Today’s roundup leads off with how to secure tons of press coverage and includes a piece on a Groupon-hating baker and why you should hire your kids this season.
Are you pounding the pavement trying to secure quality press coverage? If so, get ready for an ‘a-ha’ moment. As Mike Michalowicz writes in The Wall Street Journal, small business owners need only to contact their local college or university. Call up a club president and offer to give a talk at their next chapter meeting. Then call the school newspaper to alert them a week before the event. This will no doubt land you a feature spot and garner the attention of larger papers. Repeat several times and soon you, too, will be writing for The Wall Street Journal. Genius!
Diversity is not a strong suit of the startup community. As Scott Austin of Dow Jones VentureWire Lifescience writes, 89 percent of venture capitalists are men, and of those 86 percent identified themselves as Caucasian. Sadly, these numbers haven’t changed in recent years. Back in 2008, 86 percent were men. What can be done to diversify the startup community?
Here’s one point for the Groupon haters. As Greg Wilson of NBC Chicago reports, Need a Cake, a bakery in London, England, recently offered a Groupon that gave 75 percent off a dozen cupcakes. The result: customers swarmed the bakery and the business owner ended up with frazzled employees and a loss of $20,000. Have you ever had this problem with Groupon?
Just yesterday I wrote about how the NBA lockout is hurting small businesses (one restaurateur expects to lose $300,000), but today Jane Hendrick of Business Insider shows an inforgraphic with more real numbers. While Kobe Bryant is losing $1.9 million per bi-weekly paycheck (seriously?!), a restaurant owner in Utah is set to lose 30 percent of his revenue is the lockout continues. Ug.
There are few things I hate more than dropped cell phone calls. They not only infuriate me, but also aggravate my clients and sources. As someone who operates my business from a variety of locations, I need a more secure connection. Enter Toktumi, a virtual phone service—somewhat like Skype or Google Voice, but instead of talking online, your caller gets an 800 number that goes straight to the land line of your choice. Andie Jones, founder of Be Well Nutrition, loves this service. As David H. Freedman of The New York Times writes, Jones finds great value in using Toktumi, but still uses Skype for video conferencing. What phone service do you use on the road?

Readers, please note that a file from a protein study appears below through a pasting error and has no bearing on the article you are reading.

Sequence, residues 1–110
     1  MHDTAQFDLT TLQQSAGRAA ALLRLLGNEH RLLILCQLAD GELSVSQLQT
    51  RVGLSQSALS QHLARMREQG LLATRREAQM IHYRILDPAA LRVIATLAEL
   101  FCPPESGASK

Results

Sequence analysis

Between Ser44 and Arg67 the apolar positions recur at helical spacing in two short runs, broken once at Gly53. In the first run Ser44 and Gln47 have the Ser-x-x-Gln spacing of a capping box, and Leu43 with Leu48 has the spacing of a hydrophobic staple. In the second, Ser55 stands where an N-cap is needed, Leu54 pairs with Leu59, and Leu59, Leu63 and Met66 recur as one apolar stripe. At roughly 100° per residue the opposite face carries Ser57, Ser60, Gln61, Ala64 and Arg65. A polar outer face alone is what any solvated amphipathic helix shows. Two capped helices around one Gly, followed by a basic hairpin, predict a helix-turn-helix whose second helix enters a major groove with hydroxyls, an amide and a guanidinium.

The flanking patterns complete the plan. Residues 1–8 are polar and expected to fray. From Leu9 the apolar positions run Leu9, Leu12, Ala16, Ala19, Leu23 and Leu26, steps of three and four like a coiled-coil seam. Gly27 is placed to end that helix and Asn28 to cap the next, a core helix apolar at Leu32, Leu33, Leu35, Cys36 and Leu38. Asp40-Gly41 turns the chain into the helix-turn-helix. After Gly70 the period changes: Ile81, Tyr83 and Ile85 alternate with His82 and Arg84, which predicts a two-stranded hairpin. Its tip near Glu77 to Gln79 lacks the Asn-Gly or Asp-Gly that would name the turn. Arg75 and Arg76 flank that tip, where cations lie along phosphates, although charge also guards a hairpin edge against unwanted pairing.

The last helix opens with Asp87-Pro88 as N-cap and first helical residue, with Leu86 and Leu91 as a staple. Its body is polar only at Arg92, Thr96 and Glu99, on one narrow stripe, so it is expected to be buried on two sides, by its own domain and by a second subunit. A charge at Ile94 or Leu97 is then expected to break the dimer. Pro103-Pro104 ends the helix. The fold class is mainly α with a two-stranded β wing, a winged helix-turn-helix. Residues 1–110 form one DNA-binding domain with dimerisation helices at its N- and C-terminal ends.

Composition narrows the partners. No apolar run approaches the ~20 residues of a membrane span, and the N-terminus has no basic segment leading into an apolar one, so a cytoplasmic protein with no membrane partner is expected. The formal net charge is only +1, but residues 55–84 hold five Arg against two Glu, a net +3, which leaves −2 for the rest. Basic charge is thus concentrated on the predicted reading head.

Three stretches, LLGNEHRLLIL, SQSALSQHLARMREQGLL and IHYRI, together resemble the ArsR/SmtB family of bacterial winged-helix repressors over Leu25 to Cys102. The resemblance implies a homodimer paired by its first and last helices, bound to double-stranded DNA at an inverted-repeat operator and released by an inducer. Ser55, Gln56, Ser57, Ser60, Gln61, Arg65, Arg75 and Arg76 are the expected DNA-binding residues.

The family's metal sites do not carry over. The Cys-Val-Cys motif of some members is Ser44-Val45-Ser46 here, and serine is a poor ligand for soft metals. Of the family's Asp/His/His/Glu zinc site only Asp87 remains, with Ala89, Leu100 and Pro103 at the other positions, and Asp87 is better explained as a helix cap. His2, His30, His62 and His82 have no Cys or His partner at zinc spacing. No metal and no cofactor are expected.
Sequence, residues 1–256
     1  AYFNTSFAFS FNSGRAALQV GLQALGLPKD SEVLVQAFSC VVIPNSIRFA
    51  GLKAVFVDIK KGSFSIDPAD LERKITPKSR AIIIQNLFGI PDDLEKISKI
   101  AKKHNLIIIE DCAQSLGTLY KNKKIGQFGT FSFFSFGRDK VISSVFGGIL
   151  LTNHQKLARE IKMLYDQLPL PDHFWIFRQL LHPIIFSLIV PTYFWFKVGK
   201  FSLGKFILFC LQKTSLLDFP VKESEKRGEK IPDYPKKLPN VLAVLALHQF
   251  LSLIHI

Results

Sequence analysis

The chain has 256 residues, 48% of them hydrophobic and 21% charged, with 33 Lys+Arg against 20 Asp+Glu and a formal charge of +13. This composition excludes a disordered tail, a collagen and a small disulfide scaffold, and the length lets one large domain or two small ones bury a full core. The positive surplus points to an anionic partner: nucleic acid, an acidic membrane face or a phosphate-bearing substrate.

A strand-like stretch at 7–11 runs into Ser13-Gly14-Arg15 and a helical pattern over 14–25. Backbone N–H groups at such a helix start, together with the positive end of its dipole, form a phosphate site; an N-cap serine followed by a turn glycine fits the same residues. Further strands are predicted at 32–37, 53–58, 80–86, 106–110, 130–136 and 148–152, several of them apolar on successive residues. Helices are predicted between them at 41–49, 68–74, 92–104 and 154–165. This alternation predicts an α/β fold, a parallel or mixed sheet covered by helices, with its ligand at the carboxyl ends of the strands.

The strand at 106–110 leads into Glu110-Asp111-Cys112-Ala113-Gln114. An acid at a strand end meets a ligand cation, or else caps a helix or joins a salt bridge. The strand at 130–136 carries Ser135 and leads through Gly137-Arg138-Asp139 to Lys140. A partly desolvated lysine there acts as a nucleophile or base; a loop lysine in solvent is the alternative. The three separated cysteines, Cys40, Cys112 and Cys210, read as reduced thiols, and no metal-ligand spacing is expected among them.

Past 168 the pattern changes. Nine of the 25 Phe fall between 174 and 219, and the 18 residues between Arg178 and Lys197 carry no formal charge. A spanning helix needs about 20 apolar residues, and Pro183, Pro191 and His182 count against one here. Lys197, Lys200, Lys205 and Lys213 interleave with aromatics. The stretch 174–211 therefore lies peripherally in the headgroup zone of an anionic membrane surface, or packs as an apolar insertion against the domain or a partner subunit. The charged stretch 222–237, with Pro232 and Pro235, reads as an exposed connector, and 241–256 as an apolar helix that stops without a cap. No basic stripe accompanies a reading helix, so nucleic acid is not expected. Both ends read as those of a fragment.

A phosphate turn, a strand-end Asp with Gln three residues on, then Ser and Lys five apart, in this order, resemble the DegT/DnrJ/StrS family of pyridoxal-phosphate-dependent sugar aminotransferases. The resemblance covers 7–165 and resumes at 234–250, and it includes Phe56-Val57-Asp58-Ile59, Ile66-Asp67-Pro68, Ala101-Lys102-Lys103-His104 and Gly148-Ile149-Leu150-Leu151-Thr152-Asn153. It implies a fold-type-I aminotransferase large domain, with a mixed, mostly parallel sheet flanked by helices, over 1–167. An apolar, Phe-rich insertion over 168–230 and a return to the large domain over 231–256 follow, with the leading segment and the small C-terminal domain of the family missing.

Just in time for Small Business Saturday, here are some great tactics to bring in loads of customers. As Carmine Gallo writes on Harvard Business Review, small business owners are smart to offer unique Foursquare specials to customers, just for coming in the door. Example: Every time you check into Walgreens, the company donates a free flu shot to someone in need. Another option: encourage customers to take pictures of products to get a discount when shown at checkout. More than 30,000 new people are signing up for Foursquare every day. How are you using Foursquare to promote your business.
Postage can get mighty price during this time of year. But as Emily Suess of Small Business Bonfire writes, there are several tools to lessen the pain. Try logging ontoStamps, Hasler or USPS for quick and easy ways to track your mailing expenses and even print postage at your office.
You need help around the office, your employees are taking a lot of time off and you are getting more and more stressed out. What should you do? Hire your kids! As Teri Cettina of Intuit Small Business Blog writes, children can learn a lot from small tasks such as filing papers and sweeping floors. Just make sure to properly train them, report their earnings to the IRS, pay them better than minimum wage (they will be more motivated), and document their work and hours. Extra bonus: you won’t have to worry about their heads getting clouded by hours of World of Warcraft while you slave away at work.